2014 Honda Accord Hybrid Touring
2014 Honda Accord Hybrid Touring
2014 Honda Accord Hybrid Touring
2014 Honda Accord Hybrid Touring. Click image to enlarge

Recently in another article here at Autos.ca we discussed the marketing practice of ‘brand extension’ and where that fine line is with consumer confidence. Example? Roots Airline, it seems, was a step too far. Understandably, few consumers trusted the makers of leather boots to ferry them about at 20,000 feet. Justin Bieber nail polish, however, seems to be doing fine. You’re a fickle public, Canada.

Honda’s been stretching the Accord brand for years. Consider your diversity of choice: coupe or four-door sedan; four- or six-cylinder engine; manual, automatic or continuously variable transmission.

So far the public’s lapped it all up. Okay, maybe the Crosstour didn’t exactly fly off the lots. Look at the Accord’s success. It was this time last year when the 2013 model was voted Best New Family Car (under $30K) by the Automobile Journalists Association of Canada (AJAC). This year, sales are up 134 percent. If you only count retail and not fleet sales, it is Canada’s bestselling intermediate car. By October they’d sold over 13,400 units, a whopping amount for Canadians. (Sister company Acura is only producing 300 2014 TL A-spec models for this whole upcoming year.)

No wonder Honda’s stretching this brand into the hybrid world. The two new Accord trims for 2014 are the Hybrid and Hybrid Touring sedans. Will Canadians buy? If their biggest priority is fuel economy, based on my experience yesterday, I’d predict yes. This new brand extension achieves twice the fuel economy of the regular Honda Accord Sedan.

We tested the more upscale Accord Hybrid Touring trim. However, both trims contain the same drivetrain, so the official fuel efficiency ratings are the same: 3.7 L/100 km in the city; 4.0 highway; 3.8 combined. Those numbers may sound nose-stretchingly low (they beat everything in their class, and sit the Accord Hybrid comfortably with competitors in the next smaller segment) and I’ve often railed against Energuide’s Pollyanna ratings system. Its laboratory tests don’t account for real-world – and real obvious – conditions like, say, weather.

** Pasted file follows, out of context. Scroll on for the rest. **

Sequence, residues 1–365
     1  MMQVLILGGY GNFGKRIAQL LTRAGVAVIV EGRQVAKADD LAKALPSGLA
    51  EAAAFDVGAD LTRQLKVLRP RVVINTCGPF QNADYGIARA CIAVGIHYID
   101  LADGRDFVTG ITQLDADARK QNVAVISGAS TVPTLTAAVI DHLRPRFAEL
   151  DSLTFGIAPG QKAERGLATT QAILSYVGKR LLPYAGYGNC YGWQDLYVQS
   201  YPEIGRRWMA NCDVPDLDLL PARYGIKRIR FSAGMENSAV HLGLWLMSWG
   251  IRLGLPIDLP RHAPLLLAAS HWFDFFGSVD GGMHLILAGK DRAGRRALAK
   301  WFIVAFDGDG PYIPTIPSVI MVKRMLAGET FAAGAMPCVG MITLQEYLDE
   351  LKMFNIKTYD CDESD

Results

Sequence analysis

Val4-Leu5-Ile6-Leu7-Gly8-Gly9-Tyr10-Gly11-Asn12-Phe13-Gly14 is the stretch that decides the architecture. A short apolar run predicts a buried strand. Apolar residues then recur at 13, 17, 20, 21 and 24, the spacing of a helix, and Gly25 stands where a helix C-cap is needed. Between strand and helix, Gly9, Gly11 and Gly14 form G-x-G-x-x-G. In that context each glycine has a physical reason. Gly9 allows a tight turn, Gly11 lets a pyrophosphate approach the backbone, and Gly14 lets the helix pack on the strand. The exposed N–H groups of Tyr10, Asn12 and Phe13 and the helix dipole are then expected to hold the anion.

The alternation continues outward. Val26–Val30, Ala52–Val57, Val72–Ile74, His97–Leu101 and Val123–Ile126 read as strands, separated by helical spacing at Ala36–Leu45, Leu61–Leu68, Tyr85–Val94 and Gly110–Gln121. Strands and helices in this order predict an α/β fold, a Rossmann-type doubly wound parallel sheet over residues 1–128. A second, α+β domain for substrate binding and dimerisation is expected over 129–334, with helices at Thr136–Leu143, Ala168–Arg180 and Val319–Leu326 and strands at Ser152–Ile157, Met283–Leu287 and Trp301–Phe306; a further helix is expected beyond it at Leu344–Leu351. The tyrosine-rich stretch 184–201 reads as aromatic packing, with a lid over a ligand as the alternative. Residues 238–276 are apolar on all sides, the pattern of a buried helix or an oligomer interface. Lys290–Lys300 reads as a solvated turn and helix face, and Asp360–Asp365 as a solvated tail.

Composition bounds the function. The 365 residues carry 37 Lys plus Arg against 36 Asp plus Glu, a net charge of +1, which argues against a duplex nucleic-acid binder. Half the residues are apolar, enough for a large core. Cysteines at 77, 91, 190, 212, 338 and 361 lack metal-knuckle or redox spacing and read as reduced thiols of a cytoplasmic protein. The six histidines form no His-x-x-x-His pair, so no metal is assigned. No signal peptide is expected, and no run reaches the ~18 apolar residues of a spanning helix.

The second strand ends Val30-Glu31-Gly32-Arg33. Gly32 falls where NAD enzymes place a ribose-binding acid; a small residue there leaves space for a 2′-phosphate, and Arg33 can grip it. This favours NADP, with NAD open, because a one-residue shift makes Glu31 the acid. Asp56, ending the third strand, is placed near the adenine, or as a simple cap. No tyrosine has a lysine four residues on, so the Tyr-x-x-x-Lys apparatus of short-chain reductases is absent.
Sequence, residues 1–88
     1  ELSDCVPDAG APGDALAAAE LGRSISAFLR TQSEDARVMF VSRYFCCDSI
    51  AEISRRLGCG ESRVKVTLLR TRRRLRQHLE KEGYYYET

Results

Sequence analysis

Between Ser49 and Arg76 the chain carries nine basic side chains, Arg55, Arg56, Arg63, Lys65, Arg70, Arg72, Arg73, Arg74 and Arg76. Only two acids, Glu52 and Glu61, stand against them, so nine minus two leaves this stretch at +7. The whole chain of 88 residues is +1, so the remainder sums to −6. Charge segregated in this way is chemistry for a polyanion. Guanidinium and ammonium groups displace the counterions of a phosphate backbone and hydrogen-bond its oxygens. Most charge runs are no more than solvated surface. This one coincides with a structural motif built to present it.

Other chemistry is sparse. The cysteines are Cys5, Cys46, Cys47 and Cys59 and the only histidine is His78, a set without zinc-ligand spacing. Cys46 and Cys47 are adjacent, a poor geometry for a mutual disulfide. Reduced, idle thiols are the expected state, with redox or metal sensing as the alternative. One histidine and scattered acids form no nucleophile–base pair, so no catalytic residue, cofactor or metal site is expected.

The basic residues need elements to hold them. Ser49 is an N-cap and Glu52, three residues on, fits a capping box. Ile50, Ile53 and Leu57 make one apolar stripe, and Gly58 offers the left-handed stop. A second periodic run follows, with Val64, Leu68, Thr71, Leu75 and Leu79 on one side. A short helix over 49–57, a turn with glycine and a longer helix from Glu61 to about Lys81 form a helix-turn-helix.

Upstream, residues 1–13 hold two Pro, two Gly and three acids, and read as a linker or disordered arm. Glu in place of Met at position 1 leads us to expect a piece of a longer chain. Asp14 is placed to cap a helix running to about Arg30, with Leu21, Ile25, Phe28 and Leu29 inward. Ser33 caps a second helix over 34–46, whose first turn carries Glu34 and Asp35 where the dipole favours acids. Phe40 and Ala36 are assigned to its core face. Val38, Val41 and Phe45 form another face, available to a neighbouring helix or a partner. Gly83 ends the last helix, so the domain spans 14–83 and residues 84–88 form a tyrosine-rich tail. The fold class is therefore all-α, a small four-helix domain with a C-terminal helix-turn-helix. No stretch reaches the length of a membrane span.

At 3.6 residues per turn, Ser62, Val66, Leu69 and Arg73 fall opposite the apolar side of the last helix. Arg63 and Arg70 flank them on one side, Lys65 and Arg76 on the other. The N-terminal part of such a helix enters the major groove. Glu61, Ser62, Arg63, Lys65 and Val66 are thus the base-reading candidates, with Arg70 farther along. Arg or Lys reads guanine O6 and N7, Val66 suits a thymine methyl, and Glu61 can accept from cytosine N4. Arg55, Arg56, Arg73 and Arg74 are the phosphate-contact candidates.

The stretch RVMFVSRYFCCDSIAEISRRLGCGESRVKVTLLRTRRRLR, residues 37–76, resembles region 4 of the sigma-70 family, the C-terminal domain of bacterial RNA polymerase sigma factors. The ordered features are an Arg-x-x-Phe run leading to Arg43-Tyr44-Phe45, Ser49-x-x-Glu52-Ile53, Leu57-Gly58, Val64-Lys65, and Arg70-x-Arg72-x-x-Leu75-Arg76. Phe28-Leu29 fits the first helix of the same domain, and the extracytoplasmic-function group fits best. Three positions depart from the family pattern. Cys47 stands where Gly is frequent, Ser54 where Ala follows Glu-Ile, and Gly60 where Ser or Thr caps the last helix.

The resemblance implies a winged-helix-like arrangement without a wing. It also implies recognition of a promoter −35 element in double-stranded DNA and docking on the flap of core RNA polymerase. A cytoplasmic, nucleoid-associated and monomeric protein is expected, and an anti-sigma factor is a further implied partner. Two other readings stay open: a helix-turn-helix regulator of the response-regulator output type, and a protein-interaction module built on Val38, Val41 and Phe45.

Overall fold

But without being ridiculous – no hypermiling, which is dangerous and stupid – we beat those optimistic ratings. Really!

As part of the launch event, auto writers teamed up into pairs and competed for best fuel economy, driving a prescribed 79.6-km route through the real world. That is, the curvy, hilly and quietly moneyed horse country just north of the Honda campus in Markham, Ontario. The prize for the team with best fuel economy? A month’s worth of fresh, locally grown farm produce. But we’ll talk more about that later. First let’s look at the other reasons you’d consider buying the 2014 Honda Hybrid: safety, comfort, styling, space, and value.

2014 Honda Accord Hybrid Touring2014 Honda Accord Hybrid Touring2014 Honda Accord Hybrid Touring
2014 Honda Accord Hybrid Touring. Click image to enlarge

About the same space

The hybrid is essentially same basic box as the gasoline Accord (doesn’t that sound like some trade agreement between Alberta and the federal government?) fitted with the hybrid system and a few other slight modifications. So it’s the same ergonomics. I found it comfortable enough. My first two cars were Accords, though I won’t share their years. Suffice to say that they were comfortable in their time, but this ninth generation was unrecognizably more so.

It’s also pretty much the same size, except for a smaller trunk, which had to give up volume for the battery. The regular Accord has 450 L of trunk space, while the hybrid is down to 360 L. Also you can’t lower the hybrid’s back seat. So if you ski, you’ll need to carry your equipment on the roof, which negatively affects the aerodynamics and therefore fuel efficiency.

To accommodate the extra weight of the battery, they subtracted heft from elsewhere, using aluminum skin on the hood and aluminum beams on the rear bumper, matching the front and rear weight ratio of the regular Accord.

Connect with Autos.ca